The Intersection: Jun 2016

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Assessments and Accountability: Listen to Parents

“Most of all we need an education which will create an educated mind. This is a mind not simply a repository of information and skills, but a mind that is a source of creative skepticism, characterized by a willingness to challenge old assumptions and to be challenged, a spaciousness of outlook, and convictions that are deeply held, but which new facts and new experiences can always modify.”
— President Lyndon Johnson, July 21, 1965
Remarks to the Delegates to the White House Conference on Education

President Johnson’s words from 1965 about the Elementary and Secondary Education Act (ESEA) could not be more prophetic today. The current enactment of the Every Student Succeeds Act (ESSA), the latest update to his signature education law, again significantly modifies U.S. education policy based on new facts and experiences, especially when it comes to testing and accountability.

Passed with strong bipartisan support in both the House and Senate, the ESSA maintains the annual testing requirement of No Child Left Behind (NCLB), but gives states greater authority and flexibility to develop standards, implement testing and create new accountability systems for teachers and schools. It also eliminates many of the “federal” remedies for low-performing schools, empowering states to develop their own approaches to closing the achievement gap. This is welcome news to many who chaffed at the limitations of NCLB, but it also puts greater onus on the states to improve results and ensure every student has access to a quality education, regardless of their ZIP code.

Fierce Debate over Testing

Long overdue, this latest ESEA update has been shaped by years of divisive debate with extreme claims and major doses of vitriol from liberals, conservatives and education reformers of every flavor. The debate has been dominated by the loudest and shrillest voices, obscuring the opinions of one of the most critical stakeholders in education: parents. Yet, data show that parents actually want accountability and testing – which should be a signal to state policymakers not to move too far in the opposite direction under ESSA.

Over the past year, some states have begun to back track on high quality annual assessments due to political pressure. Yet 66 percent of parents want annual testing for their children, according to EducationNext’s 9th survey of school reform, released in 2015. The same survey clearly shows that a majority of parents want accountability in education, but they also want local and state authorities to determine whether schools are succeeding or failing, and which remedies should be implemented to support low performing schools.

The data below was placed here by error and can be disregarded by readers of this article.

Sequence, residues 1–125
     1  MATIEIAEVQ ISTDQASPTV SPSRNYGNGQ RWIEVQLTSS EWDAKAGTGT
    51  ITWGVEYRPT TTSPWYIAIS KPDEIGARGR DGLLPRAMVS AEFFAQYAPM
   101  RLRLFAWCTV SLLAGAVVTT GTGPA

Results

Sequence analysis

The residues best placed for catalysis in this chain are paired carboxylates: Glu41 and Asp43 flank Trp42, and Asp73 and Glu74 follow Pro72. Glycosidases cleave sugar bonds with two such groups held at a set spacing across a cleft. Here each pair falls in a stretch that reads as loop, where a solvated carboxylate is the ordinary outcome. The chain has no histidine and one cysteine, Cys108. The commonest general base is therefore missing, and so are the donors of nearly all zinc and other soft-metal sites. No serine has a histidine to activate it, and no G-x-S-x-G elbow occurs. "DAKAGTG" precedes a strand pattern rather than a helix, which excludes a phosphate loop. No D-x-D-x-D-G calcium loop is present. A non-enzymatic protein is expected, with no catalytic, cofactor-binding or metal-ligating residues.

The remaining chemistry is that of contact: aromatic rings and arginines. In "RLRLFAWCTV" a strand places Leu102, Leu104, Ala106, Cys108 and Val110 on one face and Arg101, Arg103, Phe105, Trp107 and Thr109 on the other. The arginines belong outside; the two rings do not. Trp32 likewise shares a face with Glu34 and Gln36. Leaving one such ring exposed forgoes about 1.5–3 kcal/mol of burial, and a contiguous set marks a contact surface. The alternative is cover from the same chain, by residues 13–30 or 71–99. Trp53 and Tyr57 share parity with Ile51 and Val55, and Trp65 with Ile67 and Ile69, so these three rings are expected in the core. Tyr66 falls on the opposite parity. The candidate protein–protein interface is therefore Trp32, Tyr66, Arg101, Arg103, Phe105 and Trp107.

In another poll, PDK/Gallup, Americans are divided on whether “standardized testing” is helpful (45 percent yes, 54 percent no). Interestingly, a clear majority of respondents think standardized test scores are important to evaluate the effectiveness of public schools and 78 percent support the use of tests to determine whether a student should be promoted from one grade to the next.

Better Tests and Better Data

There are some conflicting results in these recent polls, but it seems abundantly clear that parents support annual assessments (even when they are called standardized tests) and support the use of test scores to evaluate student progress and the effectiveness of schools. Parents want objective, specific and actionable information to ensure their children are ready for the next grade and are on track to be college and career ready by graduation.

While our country has not reached 100 percent student proficiency yet, there has been progress in the last few years. Scores on the nation’s report card, NAEP, show continual improvement for all students and, importantly, advances in closing the achievement gaps for African American and Hispanic learners. The metrics and transparency requirements of NCLB, and the investments in new assessments and analysis tools through Race to the Top grants, have promoted gathering objective and more detailed data about learning outcomes that can support student achievement. New assessments have been developed that move beyond the old bubble tests to truly gauge critical thinking, problem solving and the ability to communicate clearly. We have made progress, but we have a long way to go to ensure a great education for every student in every state. We will not get there if we turn our backs on parents.

With the passage of the ESSA, greater responsibility now lies with the states and local governments to determine how best to raise achievement for all students, to assess students, to implement new accountability systems, to retain transparency and to support teachers and students on the path towards 100 percent proficiency. State and local policy makers should listen to all parents – not just the loudest.